Who was really in charge of Henry VIII’s court? | Tudor History | Schools and Teachers

(rhythmic marimba chimes) – Right Tracey. Time to make the best ever seating plan for your dinner party tonight to show everyone what
a great life you have here in the big city. And you’re definitely not stressed about that big report you have on Henry VIII. Who to sit where? Charlie and Stevie can’t sit together. They had an awkward snog last week. And Christina just talks
about her half marathon or that thing she cares about, so she can’t sit next to anyone. Uh, politics is hard. But wait, if it’s hard
for my friendship group, it must have been even
harder for Henry VIII, who had a whole country to manage. Let’s investigate! (upbeat music) (snare drum roll) (trumpet flare) Welcome to Tudor News Night
from Hampton Court Palace with me, Tracey Tooley. I wanted to call this episode “Tudesnight” to combine the concepts
of Tudor and News Night but my producer said no one would get it. But I’ve said it now and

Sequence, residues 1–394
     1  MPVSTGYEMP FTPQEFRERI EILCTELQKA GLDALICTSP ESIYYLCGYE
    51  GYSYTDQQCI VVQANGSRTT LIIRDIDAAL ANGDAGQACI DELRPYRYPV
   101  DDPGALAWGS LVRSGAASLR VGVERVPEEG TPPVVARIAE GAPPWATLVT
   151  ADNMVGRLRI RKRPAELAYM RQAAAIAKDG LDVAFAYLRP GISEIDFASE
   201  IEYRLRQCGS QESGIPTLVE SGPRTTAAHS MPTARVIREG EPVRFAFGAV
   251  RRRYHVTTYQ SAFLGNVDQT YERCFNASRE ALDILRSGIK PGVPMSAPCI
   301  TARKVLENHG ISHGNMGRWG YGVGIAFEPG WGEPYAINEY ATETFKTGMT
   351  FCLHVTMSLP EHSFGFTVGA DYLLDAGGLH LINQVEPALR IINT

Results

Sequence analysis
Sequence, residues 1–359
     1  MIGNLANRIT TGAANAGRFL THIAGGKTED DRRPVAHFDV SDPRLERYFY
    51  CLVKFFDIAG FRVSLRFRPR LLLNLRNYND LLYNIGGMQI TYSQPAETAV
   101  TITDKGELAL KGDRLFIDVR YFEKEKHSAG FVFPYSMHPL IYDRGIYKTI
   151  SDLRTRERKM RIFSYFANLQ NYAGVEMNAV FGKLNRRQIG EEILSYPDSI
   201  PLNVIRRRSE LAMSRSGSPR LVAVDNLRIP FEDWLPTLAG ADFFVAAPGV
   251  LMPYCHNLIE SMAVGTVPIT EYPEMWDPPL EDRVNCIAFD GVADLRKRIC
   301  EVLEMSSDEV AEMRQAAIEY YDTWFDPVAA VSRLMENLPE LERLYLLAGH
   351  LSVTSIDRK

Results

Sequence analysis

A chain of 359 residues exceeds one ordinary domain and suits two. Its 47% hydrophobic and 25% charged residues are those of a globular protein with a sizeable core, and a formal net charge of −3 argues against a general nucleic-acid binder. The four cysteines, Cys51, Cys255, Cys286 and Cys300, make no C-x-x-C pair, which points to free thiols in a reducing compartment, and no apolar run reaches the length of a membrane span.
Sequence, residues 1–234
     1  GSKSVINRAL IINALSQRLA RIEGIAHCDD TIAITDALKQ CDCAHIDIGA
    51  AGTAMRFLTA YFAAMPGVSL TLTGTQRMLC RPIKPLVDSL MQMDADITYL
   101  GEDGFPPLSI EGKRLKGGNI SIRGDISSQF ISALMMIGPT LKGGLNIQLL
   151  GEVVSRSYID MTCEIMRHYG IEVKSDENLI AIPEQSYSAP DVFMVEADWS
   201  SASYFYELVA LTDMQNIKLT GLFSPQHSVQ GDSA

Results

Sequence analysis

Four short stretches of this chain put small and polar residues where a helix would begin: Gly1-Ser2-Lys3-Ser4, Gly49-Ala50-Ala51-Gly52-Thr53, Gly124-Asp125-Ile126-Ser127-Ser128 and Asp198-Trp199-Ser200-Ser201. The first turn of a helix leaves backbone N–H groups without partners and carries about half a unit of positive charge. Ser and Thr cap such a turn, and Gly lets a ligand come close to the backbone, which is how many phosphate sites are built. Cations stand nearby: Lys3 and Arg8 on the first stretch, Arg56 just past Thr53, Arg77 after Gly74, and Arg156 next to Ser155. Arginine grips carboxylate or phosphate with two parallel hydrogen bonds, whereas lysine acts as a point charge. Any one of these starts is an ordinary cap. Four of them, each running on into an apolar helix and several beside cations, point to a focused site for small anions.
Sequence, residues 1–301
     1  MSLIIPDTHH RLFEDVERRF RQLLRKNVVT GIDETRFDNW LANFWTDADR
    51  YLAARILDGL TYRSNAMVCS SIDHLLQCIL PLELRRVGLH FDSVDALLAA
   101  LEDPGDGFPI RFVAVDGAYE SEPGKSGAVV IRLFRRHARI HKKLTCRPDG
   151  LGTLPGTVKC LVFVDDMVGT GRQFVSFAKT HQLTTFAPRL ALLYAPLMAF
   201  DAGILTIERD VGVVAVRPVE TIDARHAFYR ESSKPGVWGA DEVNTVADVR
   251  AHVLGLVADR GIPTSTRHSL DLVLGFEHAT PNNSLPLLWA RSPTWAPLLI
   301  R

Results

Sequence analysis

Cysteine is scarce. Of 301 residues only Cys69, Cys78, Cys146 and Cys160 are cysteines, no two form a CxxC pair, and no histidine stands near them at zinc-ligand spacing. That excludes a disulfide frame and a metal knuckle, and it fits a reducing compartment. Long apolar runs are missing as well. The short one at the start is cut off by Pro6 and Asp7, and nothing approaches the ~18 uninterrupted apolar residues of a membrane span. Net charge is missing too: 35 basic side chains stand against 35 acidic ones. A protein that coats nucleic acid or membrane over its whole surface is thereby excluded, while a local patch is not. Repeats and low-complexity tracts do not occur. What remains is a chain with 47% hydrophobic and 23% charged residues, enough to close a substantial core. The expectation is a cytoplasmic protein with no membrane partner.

there’s no going back from that. Am I right, Gary the Camera Man? – [Cameraman] My name’s Dave. – I couldn’t possibly comment. First rule of history reporting is to talk to people who were there at the time. (guitar strumming) Katherine of Aragon, Henry
the Eighth’s first wife. – ‘Sup? – Katherine, I can tell straight away, you are a hundred percent very cool. – When you are married to
a guy like Henry Hen-Hen you gotta be tough. – Cute nickname. Tough yes, and not just in marriage. You ran the whole country
as Regent in 1513, while Henry was away at war. – Yep, my full title was